As timbenson says, the level of detail required will depend on the circumstance, and therefore if you use a codeset with only 3000 codes, then you are going to run into trouble pretty fast if you want to do more than a minimum.
Working on free text alone has the additional problem of spelling, i.e. unless the text was corrected at time of writing, then any search on the free-text will either have to ignore the misspelt words, or factor in standard spelling checking when searching - with obvious problems for accuracy. However, free text is probably pretty good for a lot of purposes, especially if combined with a good spell check and a policy on authors using it at time of writing.
Abbreviations will always be a challenge unless clarified at time of writing.
SNOMED not only big because it is more granularmrtablet 97 weeks ago
>There are over a million words in English, and an individual's personal vocabulary may only be around 10-30,000, but we don't say that we should cut down the total to a common set<
SNOMED is more analagous to a semi-structured word list drawn from multiple languages each having distinct grammars. 'Grammar' here is the data model of the host electronic record system.
Thus the same thing may be represented in many different ways in SNOMED which are NOT currently equivalent within the SNOMED object-attribute-value or context models.
SNOMED also includes concents from multiple disciplines - and what for example constitutes a 'diagnosis' in nurse speak might be unrecognised or (more importantly) misunderstood by an occupational therapist, dentist or a physician.
It is not simply a matter of SNOMED having greater granularity that accounts for its size.
By attempting to fulfil all uses cases within any host data model, SNOMED is IMO currently poorly tractible and lacks coherence.
Why code anything - continuedtimbenson 97 weeks ago
Quite right. There are three good reasons why computers need codes:
First, in metadata to search for what you want. Here, high level course grained categories do most of what you want.
Second, when you need to count how often something happens. Here it is important that information is complete, so that in a percentage, we trust both the numerator and the denominator.
Third, when you need to do an exact match to check that X really equals Y and here the level of granularity required depends on the individual use case.
Free text is fit for purpose for everything else.
SNOMED text-parser UIjamesfone 97 weeks ago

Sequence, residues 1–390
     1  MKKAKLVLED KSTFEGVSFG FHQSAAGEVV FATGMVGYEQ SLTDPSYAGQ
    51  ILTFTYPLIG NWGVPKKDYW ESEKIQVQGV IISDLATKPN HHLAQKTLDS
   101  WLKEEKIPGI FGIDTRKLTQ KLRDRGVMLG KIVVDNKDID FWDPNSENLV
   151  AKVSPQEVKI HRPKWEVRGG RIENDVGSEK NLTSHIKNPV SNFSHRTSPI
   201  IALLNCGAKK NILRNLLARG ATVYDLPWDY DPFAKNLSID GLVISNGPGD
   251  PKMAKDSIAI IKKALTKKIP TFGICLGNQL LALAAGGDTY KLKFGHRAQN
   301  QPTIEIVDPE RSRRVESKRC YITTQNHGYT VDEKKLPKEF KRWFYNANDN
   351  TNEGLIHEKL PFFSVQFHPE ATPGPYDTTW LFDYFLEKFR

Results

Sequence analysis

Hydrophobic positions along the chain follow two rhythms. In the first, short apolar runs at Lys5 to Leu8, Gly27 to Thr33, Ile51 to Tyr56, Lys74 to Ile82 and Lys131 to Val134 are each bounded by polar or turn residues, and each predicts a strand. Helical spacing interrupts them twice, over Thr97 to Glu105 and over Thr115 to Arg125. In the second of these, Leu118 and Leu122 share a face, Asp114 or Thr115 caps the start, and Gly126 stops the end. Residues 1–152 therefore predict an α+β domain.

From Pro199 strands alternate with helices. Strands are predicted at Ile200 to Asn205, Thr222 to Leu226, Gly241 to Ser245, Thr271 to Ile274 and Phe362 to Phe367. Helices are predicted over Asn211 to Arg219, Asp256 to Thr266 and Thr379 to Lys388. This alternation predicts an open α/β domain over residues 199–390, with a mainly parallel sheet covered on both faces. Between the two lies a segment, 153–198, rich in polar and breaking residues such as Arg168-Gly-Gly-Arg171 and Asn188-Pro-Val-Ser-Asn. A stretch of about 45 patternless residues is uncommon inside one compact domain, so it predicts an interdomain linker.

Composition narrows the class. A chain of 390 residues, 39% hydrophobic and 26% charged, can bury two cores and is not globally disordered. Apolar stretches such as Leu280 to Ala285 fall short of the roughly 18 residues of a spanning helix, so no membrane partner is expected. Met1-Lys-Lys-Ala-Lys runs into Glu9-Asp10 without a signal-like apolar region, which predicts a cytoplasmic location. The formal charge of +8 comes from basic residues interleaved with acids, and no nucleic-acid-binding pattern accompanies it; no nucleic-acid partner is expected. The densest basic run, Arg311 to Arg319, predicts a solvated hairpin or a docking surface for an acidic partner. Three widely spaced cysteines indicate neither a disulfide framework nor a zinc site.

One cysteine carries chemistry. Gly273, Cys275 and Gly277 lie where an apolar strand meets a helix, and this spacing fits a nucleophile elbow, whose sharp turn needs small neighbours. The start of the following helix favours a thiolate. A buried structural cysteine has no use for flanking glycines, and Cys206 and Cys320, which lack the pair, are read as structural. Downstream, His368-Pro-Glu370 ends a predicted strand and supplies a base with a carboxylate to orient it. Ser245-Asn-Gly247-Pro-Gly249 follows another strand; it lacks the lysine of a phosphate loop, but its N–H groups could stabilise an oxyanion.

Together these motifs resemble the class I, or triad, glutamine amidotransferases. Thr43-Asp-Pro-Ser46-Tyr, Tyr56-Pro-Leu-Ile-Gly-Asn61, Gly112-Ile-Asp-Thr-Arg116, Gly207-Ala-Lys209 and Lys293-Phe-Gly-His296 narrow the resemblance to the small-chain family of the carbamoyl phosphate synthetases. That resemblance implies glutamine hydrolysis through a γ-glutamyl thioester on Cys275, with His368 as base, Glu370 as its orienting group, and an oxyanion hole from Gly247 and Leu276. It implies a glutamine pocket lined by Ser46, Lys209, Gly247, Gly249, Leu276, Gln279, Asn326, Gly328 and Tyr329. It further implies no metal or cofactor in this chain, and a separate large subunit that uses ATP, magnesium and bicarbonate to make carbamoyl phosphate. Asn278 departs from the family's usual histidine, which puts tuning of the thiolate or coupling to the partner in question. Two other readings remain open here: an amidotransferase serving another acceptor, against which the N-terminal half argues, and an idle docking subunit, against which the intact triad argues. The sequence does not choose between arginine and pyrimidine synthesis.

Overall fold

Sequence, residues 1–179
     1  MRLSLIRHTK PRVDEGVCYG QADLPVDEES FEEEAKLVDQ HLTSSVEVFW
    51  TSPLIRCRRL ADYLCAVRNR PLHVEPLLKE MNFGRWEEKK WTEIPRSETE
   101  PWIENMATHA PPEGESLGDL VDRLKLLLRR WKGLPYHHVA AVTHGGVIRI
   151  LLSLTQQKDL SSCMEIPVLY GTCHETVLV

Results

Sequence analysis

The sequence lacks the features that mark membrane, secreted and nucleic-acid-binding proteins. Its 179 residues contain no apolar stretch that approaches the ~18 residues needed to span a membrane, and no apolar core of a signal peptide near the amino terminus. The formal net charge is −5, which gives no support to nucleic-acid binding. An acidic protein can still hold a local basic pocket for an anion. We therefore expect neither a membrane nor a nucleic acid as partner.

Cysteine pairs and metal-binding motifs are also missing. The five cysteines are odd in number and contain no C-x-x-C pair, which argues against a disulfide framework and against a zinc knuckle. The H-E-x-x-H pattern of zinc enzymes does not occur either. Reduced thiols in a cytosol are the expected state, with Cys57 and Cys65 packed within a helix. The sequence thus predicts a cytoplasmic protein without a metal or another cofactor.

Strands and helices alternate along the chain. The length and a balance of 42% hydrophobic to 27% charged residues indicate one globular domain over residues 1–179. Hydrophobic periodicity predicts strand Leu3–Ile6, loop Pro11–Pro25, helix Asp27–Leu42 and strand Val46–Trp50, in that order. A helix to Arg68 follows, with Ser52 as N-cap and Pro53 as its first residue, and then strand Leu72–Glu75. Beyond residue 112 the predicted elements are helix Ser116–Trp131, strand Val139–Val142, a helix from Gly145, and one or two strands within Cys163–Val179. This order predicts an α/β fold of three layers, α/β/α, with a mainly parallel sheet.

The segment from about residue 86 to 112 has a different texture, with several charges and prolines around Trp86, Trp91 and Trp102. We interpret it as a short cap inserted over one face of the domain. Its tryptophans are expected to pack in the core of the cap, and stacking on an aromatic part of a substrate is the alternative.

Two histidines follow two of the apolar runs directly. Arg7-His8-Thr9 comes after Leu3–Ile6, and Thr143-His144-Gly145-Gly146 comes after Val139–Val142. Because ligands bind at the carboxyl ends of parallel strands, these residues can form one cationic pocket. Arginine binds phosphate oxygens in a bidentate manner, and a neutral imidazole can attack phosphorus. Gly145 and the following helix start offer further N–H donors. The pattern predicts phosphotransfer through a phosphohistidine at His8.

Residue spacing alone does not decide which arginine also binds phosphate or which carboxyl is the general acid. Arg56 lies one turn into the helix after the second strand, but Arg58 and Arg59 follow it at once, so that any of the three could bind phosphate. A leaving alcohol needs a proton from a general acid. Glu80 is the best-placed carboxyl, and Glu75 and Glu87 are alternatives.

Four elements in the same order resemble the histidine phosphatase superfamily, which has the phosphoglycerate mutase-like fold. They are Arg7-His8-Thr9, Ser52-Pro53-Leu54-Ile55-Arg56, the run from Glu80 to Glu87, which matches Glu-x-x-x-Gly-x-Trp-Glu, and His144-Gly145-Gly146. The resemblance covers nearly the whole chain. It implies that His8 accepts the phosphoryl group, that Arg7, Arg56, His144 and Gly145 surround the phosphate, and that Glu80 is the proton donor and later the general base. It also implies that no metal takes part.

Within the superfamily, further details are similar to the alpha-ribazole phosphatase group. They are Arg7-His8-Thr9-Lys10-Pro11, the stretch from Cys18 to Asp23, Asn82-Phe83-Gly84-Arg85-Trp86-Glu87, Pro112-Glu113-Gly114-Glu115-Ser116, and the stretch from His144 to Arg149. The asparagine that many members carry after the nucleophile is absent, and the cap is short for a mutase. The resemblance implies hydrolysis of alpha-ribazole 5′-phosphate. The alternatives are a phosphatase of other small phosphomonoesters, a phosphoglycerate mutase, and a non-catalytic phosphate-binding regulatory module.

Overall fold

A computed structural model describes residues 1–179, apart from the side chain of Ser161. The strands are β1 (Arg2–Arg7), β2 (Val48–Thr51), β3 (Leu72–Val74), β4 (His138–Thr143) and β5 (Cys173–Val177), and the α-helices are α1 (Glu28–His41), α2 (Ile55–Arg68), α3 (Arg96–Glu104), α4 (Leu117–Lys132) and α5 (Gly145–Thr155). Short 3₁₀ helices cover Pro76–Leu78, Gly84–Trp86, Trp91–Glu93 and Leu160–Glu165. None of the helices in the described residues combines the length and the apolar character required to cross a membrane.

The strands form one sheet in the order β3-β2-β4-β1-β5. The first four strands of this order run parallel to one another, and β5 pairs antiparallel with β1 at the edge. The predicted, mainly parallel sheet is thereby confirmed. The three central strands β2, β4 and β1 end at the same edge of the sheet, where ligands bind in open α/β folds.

Aside from; form input, multi-parent 'tree' browsing, and the usual single concept matching searches, the Common User Interface team spent some time investigating the 'text parser' approach to SNOMED coding. In particular a setup where the parser runs in real-time on the narrative, flags up codable terms, then the author confirms these, leaves them uncoded, or edits the term suggested (just like a spell checker). The designs are publically available at
The matching achieved by the prototype (not accessible anymore) was pretty good and a lot of the time the top match would be a good fit. It could even handle non-elaborate negation and laterality. This would suggest that an automated-behind the scenes coding would be fairly useful for some purposes.
However, problems included:
E.g. negation, false positive and false negative. Despite the CUI parser being pretty good, if you were coding in order to facilitate something 'really important' like decision support or an automatically extracted clinical findings list, then you will almost certainly need human validation of the coded term. Ideally, but not necessarily, by the author at the time of writing.
What to code
The crucial question. One I'm sure that has been much discussed in relation to GP coding. As I understand it, for GPs there are more obvious causes for why to code: QOF, their system's degree of decision support, etc. Even with the best UI in the world, requiring a person to encode the 100 possible codable terms from narrative of 500 words, probably won't have a happy ending. As such you need a policy on what should be coded, with clear justification. This might be facilitated by subsetting such that only some codable words are flagged up.
Level of detail
E.g. eye infection > parasitic eye infection > parasitic conjunctivitis. Also relates to the post-coordination point raised in timbenson's comment. The CUI text parser gave post co-ordination a try (I think), but it gets pretty mind boggling. Also, if a note mentions that the patient is 'planned for a wedge osteotomy of the 5th metatarsal on their right foot', should this always be recorded as the fully post-coordinated phase? Or will 'osteotomy' do? Does this vary in different situations?
E.g. who does this code apply to, and when does it apply. In the case of clinical findings: is this a family history of MI, a past broken leg, a planned appendectomy? The SNOMED context model and CfH's 'clinical statement patterns' might handle this, but how do they get applied to the code in the case of a text parser? (especially if not human validated)? There was the idea that if the narrative was part of a form that had coded headings (e.g. family history) you could make a stab at this, but it still wouldn't be 100%.
Pete Johnson & Ben Luff were the leads for the CUI's SNOMED UI work, I just looked over their shoulders. So I hope I've not misrepresented it here.
SNOMED is a brilliant ideaJoe McDonald 97 weeks ago
but so was Esperanto.
People are unwilling to learn a new language no matter how much it would improve things. If we can have the translation from current language to SNOMED automated by machine then it might get some traction, otherwise it will continue to remain a brilliant but unloved idea.
Case for SNOMED hasn't been made yetbeto 97 weeks ago
There are at least a couple of problems facing the adoption of SNOMED.
Firstly, the clinical case for coding medical records is made on the basis of hypothetical, often secondary, benefits rather than empirically proven clinical benefits. For example, does SNOMED really preserve semantics? Analysis so far suggests that variation in coding practice causes a loss of semantics.